By Lauren Denos: 5/3/2015 (Concerns)

 

Hormones are a large and important topic that can make or break so much of your health. People have written entire books on hormones alone because it is such a large and important subject. For this article, we are going to look at hormones, explain their importance and what you can do without being too long winded about it.

What are Hormones?

Hormones are a regulatory substances that are used as the body’s chemical messengers. The hormones are released straight into the blood stream so that they can be transported to all of the organs and tissues of the body.

Hormones are secreted through the

  • Pituitary gland

  • Pineal gland

  • Thymus

  • Thyroid

  • Adrenal glands

  • Pancreas

  • Testes

  • Ovaries

How many types of hormones do you have? There are a ridiculous amount of hormones in the body. Here is a list to give you an idea of the magnitude of hormones. Yes, this list is meant to impress you!

  • Thyroid- Stimulating hormone (TSH)

  • Follicle- stimulating hormone (FSH)

  • Luteinizing hormone (LH)

  • Prolactin (PRL)

  • Growth hormone (GH)

  • Adrenocorticotropic hormone (ACTH)

  • Vasopressin

  • Oxytocin

  • Thyroid- releasing hormone

  • Gonadotropin- releasing hormone

  • Growth hormone- releasing hormone

  • Corticotrophin- releasing hormone

  • Somatostatin

  • Dopamine

  • Melatonin

  • Thyroxine

  • Calcitonin

  • Parathyroid hormone

  • FGF-23 (Phosphatonin)

  • Osteocalcin

  • Erythropoietin

  • Glucocorticoids

  • Androgens

  • Adrenaline

  • Noradrenaline

  • Estrogens

  • Progesterone

  • Human chorionic gonadotropin

  • Insulin

  • Glucagon

  • Somatostatin

  • Amylin

  • Erythropoietin

  • Calcitriol

  • Calciferol

  • Atrial- natriuretic peptide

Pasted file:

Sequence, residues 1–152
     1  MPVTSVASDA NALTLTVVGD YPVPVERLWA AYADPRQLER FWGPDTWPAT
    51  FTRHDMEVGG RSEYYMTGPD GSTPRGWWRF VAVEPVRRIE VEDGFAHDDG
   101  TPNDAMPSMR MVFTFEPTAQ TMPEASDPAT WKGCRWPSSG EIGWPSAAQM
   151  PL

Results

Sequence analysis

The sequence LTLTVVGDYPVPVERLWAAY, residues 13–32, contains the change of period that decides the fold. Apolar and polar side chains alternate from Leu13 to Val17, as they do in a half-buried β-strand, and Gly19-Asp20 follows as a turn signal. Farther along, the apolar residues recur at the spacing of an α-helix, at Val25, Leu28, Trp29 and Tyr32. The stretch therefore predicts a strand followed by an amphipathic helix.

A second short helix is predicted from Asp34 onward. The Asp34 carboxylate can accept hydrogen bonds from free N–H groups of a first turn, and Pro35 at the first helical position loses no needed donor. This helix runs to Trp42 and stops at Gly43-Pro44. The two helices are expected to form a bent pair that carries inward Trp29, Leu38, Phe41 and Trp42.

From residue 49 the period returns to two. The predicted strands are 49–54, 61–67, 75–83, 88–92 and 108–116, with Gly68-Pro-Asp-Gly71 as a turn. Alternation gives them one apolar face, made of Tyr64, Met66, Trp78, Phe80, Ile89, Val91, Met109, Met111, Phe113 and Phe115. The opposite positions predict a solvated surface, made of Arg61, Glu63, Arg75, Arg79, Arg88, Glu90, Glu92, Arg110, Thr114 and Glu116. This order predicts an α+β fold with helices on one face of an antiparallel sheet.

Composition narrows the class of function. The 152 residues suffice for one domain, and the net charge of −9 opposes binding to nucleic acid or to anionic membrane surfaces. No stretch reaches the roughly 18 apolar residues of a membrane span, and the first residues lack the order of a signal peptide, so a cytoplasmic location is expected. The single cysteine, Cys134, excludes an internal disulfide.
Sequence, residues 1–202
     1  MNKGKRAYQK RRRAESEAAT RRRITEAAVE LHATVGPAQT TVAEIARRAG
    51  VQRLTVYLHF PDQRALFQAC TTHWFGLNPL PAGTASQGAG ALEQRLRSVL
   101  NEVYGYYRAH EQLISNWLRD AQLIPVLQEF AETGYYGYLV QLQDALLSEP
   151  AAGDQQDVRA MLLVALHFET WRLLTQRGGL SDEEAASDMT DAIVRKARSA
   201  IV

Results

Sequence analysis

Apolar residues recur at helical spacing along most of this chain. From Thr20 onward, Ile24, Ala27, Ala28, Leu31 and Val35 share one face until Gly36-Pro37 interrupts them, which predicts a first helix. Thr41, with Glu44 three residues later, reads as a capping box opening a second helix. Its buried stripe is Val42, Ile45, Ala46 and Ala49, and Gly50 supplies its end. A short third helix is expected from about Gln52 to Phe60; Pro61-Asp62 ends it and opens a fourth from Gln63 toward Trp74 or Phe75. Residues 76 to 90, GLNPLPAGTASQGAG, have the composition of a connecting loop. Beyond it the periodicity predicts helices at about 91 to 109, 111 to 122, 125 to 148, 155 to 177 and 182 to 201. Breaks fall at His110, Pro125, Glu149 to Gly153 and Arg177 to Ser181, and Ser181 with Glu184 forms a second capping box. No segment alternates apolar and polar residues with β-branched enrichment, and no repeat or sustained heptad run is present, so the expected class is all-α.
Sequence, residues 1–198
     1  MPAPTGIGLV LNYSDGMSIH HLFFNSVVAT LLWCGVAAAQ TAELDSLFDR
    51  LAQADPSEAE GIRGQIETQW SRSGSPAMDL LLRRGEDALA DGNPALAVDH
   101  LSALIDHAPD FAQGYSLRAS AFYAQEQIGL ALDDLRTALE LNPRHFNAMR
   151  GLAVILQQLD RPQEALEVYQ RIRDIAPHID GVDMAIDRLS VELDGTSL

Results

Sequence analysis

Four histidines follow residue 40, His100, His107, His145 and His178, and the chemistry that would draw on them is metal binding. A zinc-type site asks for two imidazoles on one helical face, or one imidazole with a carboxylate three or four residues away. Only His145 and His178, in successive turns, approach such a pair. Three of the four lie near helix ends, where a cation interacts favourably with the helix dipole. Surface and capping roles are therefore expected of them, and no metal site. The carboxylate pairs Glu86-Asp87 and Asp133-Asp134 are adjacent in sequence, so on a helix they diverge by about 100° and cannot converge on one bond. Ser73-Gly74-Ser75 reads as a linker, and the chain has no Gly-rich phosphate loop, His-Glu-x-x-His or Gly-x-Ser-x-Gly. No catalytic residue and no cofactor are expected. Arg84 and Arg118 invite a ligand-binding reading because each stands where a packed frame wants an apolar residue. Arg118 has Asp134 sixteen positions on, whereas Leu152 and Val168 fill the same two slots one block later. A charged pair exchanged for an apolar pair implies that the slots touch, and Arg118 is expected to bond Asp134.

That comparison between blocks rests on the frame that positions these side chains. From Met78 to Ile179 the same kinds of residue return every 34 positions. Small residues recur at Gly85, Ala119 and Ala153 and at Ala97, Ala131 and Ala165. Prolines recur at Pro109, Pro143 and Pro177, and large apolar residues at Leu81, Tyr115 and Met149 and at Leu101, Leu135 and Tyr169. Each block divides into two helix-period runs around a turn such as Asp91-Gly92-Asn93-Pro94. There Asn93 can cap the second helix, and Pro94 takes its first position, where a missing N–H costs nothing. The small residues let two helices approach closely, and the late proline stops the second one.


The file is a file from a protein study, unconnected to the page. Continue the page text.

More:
• Gastrin

  • Secretin

  • Cholecystokinin

  • Fibroblast growth factor 19

  • Incretins

  • Somatostatin

  • Neuropeptide Y

  • Ghrelin

  • PYY

  • Serotonin

  • Insulin- like growth factor

  • Angiotensinogen

  • Thrombopoietin

  • Hepcidin

  • Betatrophin

  • Leptin

  • Retinol Binding Protein 4

  • Adiponectin

  • Irisin

That is a lot of different hormones. Do you see now when I say there are a ton of different hormones in your body? I really do mean it.

What Do They Do?

Hormones are a part of many of the functions of your body. For instance, they regulate…

  • Blood sugar

  • Growth

  • Metabolism

  • Sexual function

  • Cognitive function

  • Mood

  • Maintains body temperature

  • Fluid levels in body (including thirst)

Hormones are involved with a ridiculous amount of processes throughout the body. If your hormones are not in balance, a slew of health related problems can ensue. Hormones are most commonly seen as something that can keep weight on, or make you gain weight. This makes the most sense as they are what regulates your metabolism. Even so, metabolism is more than just about losing and gaining weight. Your metabolism breaks down the food to repair and rebuild every systems in your body! That is a big deal.

It can have an effect on how your brain is functioning, mood swings, memory issues. It has also been linked to many other illnesses as well. One thing people do not think about much is that insulin is also a hormone. People think of things like diabetes and insulin resistance as something completely separate from the hormonal system, but it is just as tied into your hormones as mood swings and weight gain are.

The kicker is your hormones do not need to be very low or high to wreak havoc in your body. Furthermore, what is considered to be in a normal range may still be a low range for some people. If one of your hormones is within the predetermined regular range, or even on the low end of that range, you can still have symptoms such as weight gain, exhaustion, moodiness and much more.

Despite what many believe, men can be affected by hormonal imbalances just as much as women can. The difference is that many men ignore the signs that come up. Men in general are less likely to go to a doctor for help than a woman. That is why we tend to think of this as something that affects mostly women.

Symptoms for this can be all over the board. The most common complaints associated with hormone imbalances are:

  • Weight gain

  • Fatigue

  • Lowed sex drive

  • Mood swings, irritability and depression

  • Infertility

  • Foggy headed or inability to think clearly



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-Lauren